Already we see kindness and welcome in a way that is inspiring. When nurses and doctors report for duty with limited protective gear, when patients seek out Covid-19 testing or care for other critical needs, no one is concerned about politics or religion or bank accounts.  The focus is on doing the best next right thing.

In today’s Gospel reading (John 11:1-45), after Lazarus’s death, some of the people said “‘Could not he who opened the eyes of the blind man kept this man from dying?’”

The expectation that people of faith must or will be rendered invulnerable flies in the face of the stories of Holy Scripture.  Our naked vulnerability is the birth place of the divine gift of compassion.  Perhaps Christ is creating a space for a reign of true compassion in a country and world that often have been dominated by instincts in collision, by the visceral desire for more power, money or special privilege. “I’ll share mightily with my neighbor once I make sure I get mine, once I make sure I have enough.”  Those of us who have found ourselves caught up in this game at one time or another know that, left to our own devices, there is never enough.

God’s compassion is intended for all. In God’s perfect economy, no one gets left behind or brushed aside as expendable.

There is nothing wrong with reaching out and tending our own needs and sense of loss and pain. In fact, it is imperative. We must “place the oxygen masks on ourselves first.”  But as that sense of breath and flow is restored (just for today), let us set our sights on our neighbors (wisely defined as “everyone in the whole wide world,” by my 9-year old son), on the most good for the most people. Let us set our sights on love – the very heart of compassion. For it is the one thing that increases in our lives when we share it.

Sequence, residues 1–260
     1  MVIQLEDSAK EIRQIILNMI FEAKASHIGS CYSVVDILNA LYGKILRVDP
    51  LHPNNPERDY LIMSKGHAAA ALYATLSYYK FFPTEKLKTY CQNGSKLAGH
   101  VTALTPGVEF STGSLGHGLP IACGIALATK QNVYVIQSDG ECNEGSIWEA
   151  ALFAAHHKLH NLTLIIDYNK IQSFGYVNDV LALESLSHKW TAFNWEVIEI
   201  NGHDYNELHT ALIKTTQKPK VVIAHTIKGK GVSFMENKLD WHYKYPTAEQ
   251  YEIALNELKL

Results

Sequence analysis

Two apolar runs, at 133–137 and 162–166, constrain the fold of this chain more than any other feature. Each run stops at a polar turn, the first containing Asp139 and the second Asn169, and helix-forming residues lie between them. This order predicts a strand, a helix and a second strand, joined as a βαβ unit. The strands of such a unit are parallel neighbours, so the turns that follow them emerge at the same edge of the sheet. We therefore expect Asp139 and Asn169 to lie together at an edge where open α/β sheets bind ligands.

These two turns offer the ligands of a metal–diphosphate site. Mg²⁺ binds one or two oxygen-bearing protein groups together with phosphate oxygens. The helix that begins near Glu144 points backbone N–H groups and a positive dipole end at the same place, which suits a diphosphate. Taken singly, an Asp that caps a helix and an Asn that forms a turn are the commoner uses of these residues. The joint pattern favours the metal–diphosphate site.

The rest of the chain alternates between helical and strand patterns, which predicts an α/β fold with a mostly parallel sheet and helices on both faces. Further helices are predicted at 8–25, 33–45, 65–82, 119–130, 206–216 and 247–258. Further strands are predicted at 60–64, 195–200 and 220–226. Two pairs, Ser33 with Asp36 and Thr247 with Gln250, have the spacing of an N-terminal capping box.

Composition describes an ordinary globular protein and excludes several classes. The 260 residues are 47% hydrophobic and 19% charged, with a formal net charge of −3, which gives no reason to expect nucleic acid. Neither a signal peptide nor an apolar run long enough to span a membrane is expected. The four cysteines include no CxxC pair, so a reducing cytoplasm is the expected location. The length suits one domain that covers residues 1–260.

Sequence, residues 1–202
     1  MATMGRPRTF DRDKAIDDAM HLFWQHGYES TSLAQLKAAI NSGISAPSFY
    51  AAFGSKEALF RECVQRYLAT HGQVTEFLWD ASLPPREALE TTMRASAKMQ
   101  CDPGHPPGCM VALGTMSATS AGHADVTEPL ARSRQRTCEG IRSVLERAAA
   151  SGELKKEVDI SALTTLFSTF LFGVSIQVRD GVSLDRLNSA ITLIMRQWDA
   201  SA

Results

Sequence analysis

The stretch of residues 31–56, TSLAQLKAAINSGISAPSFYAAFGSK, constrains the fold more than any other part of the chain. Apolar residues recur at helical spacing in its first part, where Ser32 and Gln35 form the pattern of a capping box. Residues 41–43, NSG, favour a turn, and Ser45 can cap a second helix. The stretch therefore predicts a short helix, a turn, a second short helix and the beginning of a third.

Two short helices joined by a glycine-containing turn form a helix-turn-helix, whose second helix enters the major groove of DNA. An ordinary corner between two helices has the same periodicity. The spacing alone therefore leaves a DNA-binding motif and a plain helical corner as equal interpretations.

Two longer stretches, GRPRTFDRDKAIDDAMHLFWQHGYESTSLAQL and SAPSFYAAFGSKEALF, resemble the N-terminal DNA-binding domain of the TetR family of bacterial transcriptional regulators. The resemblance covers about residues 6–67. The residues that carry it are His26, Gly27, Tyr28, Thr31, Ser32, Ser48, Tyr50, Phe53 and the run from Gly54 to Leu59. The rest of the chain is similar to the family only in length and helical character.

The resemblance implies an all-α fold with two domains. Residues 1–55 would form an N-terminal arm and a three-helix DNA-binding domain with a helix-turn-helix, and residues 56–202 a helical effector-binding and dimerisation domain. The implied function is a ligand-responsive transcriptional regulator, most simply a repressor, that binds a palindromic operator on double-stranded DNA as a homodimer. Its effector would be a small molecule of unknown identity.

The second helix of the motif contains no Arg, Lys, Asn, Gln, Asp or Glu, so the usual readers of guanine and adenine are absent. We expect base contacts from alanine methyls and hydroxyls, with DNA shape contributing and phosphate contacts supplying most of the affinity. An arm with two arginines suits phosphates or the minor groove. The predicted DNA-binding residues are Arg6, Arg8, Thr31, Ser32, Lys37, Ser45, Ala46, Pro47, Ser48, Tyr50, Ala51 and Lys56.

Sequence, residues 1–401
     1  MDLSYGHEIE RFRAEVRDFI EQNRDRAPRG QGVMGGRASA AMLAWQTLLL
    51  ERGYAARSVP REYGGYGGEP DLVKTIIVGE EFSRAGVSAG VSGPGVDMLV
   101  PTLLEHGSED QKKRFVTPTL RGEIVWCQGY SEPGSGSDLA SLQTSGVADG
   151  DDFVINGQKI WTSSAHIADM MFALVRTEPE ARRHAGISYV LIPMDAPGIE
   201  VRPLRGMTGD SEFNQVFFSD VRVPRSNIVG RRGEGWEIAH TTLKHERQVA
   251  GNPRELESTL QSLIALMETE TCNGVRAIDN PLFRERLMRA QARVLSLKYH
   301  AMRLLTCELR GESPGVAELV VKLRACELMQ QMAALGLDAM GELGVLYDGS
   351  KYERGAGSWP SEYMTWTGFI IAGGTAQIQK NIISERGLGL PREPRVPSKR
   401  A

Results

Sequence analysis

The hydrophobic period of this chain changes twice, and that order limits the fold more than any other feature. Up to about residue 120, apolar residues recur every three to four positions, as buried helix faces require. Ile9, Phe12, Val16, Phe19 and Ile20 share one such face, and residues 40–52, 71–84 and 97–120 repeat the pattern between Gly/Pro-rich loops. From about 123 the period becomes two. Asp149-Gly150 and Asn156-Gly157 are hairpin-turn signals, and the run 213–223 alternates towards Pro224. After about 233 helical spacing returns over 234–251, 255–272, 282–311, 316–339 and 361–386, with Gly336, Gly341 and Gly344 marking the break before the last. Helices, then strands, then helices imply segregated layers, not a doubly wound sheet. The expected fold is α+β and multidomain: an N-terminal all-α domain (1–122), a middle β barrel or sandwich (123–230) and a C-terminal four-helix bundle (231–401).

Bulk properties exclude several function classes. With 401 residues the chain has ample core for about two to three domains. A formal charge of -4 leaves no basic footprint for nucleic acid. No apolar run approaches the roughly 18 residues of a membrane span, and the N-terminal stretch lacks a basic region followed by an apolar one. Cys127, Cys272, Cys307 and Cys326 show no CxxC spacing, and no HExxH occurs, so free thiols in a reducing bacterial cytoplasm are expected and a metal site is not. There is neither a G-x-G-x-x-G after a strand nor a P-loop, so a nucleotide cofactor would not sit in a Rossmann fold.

Our world as we know it is being changed. It may seem that “‘Our bones have dried up, and our hope is lost.’” But God will bring us back, not to our vision of the world, but to his. Already God is sharing his breath through the four winds, so that the best of humanity may rise up and walk together.

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Slow down, you move too fast.

This morning I went to gas up the car then stop by the grocery. “They may not have what we want but I’m sure we can find something useful,” I told my son.

What I noticed as we ambled up and down the aisles was that folks for the most part had settled down. They were calm and courteous. Shelves were empty, there were no paper products or cleaning wipes, no frozen veggies or ground beef. Plenty of milk, though, and eggs and cheese. Gone was the frantic energy of a few days ago. I thanked the cashier for being there and she appreciated the acknowledgement.

When we got home, I offered to take a walk with my son. He joined me for a bit, running sprints ahead of me, then made his way back to our yard, sitting across the driveway from his pal Andrew, as they connected across at least 6 feet of space. Somehow they had managed to make peace at last with “no playdates until Coronavirus is over,” instead finding a way to be together. “Social distancing” may have put physical distance between them, but it did not put the kabosh on much needed together time.

As I continued to walk up and down the street, taking in the sunshine, the lyrics from Simon and Garfunkel’s 59th Street Bridge song came to me. My mood recalibrated. I felt a sense of peace and promise that we can do this thing. God will bring good out of this pandemic. Good in countless acts of kindness, selflessness and consideration for others. In practicing kindness to ourselves. This is not a time to be productive in the way the world measures productivity. It is a time to be in the moment, to take in the beauty of the world.

Slow down, you move too fast
You got to make the morning last
Just kicking down the cobblestones
Looking for fun and feeling groovy
Ba da-da da-da da-da, feeling groovy

Hello lamppost, what’cha knowing
I’ve come to watch your flowers growin’
Ain’t you got no rhymes for me?
Doo-ait-n-doo-doo, feeling groovy
Ba da-da da-da da-da, feeling groovy

I got no deeds to do, no promises to keep